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  • Writer's pictureEshika Thakur

Section 29 Of Companies Act 2013: Advantage And Process Of Dematerialization Of Securities

Updated: Oct 13, 2022

What is Dematerialization of Securities? –

"Securities" are those defined in Section 2 clause (h) of the Securities Contracts (Regulation) Act, 1956. (42 of 1956). Shares, scrips, stocks, bonds, debentures, debenture stock, or other marketable securities of a like type in or of any incorporated corporation or other body corporate are defined as "securities.”

Physical certificates of securities are changed into electronic form in exchange for an equivalent number of the investor's securities in the process of dematerialization. Any public business's promoters that make a public offering of convertible securities may only hold them as securities.

The promoters' initial holdings of the company's convertible securities are held until the initial public offering date. The offer is converted into dematerialized form, and the promoter's shareholding is only held in dematerialized form.

What is Section 29 of the Companies Act 2013? –

Under Indian law, shares in an unlisted firm can be kept in either physical form (as evidenced by letters of allotment/share certificates issued against them) or dematerialized form (as evidenced by opening a "Demat account" with a depository participant).

Sections 29 (1) and 29 (IA) of the Companies Act, 2013 address the issue of securities in Demat form by unlisted public companies, promoters by unlisted public companies, and the demat of all existing securities of Key Managerial Personnel or KMP, as well as actions, were taken by holders of unlisted company securities, received through a public company.

Key Changes- Public firms or classes of public corporations must issue their securities in dematerialized form as prescribed by the Central Government under Section 29 of the Act. The proposed modification removes the phrase "public" from section 29 (1)(b), making this section applies to all "other classes or classes of organizations as the central government may deem applicable."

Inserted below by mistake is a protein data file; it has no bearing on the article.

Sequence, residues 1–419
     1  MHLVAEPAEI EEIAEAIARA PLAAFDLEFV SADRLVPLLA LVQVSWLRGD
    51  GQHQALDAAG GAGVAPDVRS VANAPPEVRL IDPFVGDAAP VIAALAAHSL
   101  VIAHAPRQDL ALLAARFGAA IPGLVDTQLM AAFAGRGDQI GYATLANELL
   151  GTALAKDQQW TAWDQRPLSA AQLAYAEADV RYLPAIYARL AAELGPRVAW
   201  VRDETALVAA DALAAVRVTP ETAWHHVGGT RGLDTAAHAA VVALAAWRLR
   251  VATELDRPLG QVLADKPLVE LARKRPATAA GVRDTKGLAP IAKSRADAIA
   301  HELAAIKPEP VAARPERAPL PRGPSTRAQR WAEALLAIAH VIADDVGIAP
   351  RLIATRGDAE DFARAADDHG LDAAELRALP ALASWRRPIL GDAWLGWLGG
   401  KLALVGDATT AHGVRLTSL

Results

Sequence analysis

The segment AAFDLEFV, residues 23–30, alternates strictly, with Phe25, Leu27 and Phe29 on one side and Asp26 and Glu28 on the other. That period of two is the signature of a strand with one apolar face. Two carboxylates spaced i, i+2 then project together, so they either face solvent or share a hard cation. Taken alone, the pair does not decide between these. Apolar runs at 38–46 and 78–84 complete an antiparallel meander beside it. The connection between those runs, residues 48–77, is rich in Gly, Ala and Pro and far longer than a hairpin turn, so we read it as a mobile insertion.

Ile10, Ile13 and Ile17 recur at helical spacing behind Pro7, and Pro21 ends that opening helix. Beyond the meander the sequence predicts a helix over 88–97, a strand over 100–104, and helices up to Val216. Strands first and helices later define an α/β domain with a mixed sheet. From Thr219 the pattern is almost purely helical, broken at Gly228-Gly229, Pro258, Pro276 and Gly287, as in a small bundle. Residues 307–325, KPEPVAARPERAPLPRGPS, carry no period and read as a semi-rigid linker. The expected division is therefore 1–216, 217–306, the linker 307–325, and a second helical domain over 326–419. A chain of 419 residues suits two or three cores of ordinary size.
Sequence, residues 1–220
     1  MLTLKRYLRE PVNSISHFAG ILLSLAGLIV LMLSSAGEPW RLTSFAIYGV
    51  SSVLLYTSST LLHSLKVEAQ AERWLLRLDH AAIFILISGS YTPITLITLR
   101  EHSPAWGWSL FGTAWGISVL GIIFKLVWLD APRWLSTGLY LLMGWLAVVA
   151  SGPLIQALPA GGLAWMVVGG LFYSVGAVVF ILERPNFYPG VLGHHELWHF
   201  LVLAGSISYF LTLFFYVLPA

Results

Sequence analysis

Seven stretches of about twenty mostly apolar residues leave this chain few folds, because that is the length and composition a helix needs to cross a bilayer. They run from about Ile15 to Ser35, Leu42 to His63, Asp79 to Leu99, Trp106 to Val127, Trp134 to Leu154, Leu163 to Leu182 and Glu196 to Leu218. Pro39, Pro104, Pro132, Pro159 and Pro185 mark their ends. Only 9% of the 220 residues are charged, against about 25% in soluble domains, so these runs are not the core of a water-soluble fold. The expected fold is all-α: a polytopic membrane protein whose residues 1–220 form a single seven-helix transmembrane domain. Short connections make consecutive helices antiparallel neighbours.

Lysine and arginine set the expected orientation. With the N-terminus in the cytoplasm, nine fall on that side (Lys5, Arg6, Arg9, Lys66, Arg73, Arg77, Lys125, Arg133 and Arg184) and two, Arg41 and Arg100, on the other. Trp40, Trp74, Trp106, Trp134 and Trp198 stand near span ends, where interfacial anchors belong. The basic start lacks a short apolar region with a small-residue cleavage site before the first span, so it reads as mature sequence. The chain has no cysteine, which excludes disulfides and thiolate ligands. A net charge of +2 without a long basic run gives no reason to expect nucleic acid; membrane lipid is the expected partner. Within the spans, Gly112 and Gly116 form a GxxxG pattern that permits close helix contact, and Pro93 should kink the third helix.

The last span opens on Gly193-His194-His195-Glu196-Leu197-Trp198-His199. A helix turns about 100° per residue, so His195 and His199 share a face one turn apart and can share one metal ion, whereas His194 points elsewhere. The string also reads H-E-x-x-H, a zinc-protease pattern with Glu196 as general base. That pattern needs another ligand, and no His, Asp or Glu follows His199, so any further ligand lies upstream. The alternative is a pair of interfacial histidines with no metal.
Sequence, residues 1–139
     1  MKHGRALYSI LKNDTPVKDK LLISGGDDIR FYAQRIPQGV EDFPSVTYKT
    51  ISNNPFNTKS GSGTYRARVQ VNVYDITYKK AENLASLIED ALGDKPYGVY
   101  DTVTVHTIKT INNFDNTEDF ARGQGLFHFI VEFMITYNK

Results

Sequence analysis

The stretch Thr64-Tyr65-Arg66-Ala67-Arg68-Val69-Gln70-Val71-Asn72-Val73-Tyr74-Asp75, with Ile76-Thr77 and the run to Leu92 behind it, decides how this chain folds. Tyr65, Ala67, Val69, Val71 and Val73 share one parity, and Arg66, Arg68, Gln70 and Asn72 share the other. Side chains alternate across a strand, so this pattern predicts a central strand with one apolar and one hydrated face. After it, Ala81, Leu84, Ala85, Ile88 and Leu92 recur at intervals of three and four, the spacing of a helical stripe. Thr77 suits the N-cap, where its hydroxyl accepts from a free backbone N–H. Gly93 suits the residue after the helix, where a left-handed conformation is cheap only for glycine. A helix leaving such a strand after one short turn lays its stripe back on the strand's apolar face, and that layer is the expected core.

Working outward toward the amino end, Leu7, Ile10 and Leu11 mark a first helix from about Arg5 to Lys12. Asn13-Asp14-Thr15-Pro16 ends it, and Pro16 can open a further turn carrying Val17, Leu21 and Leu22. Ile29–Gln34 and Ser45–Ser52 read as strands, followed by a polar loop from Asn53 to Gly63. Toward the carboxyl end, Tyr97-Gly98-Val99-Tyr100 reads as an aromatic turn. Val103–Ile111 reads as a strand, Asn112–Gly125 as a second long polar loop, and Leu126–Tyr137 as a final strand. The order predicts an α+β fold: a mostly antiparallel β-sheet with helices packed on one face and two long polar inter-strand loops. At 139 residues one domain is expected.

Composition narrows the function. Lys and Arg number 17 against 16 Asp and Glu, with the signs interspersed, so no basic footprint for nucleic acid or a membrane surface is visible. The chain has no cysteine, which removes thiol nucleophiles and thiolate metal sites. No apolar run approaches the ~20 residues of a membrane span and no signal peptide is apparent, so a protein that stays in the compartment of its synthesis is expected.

In addition, a new section 29 (1A) has been inserted, which states that "the securities will be kept or transferred in dematerialized form only in the specified way as stipulated in The Depository Act, 1996 in the event of such class or classes of unlisted firms.

As a result, non-listed firms, whether public or private, will be forced to transfer those shares to be dematerialized in the form of government-determined shares and will be subject to the terms of the Depository Act of 1996 and its restrictions. However, the Central Government has yet to announce which of the Act's classes of corporations would be affected by this revision and the laws that will apply to them.

What are the Advantages of Dematerialization? –

Dematerialization of shares of an unlisted public company has several advantages:

  • Reduce the danger of duplication, fraud, loss, or theft of securities kept in physical share certificates and delays.

  • Transparency and investor protection should be improved.

  • Prevent fraud and the issue of backdated checks.

  • Stamp duty on share transfers should be abolished.

  • It will now be easier to transfer securities.

  • The transfer of securities will require fewer documentation.

  • It is a safer and more convenient way to store securities.

  • Facility for Nominations

  • It will lower transaction costs.

  • Transfer of securities as soon as possible

An unlisted public company must comply with the dematerialization of shares requirement –

The following requirements need to be furnished by every unlisted company:

  • They must pay their fees in a timely manner.

  • According to the agreement negotiated with the depository, registrar, and share transfer agent, they must also keep a security deposit of at least two years.

  • Unlisted Public Companies must follow the SEBI's (Securities Exchange Board of India) regulations, guidelines, and circulars as they are issued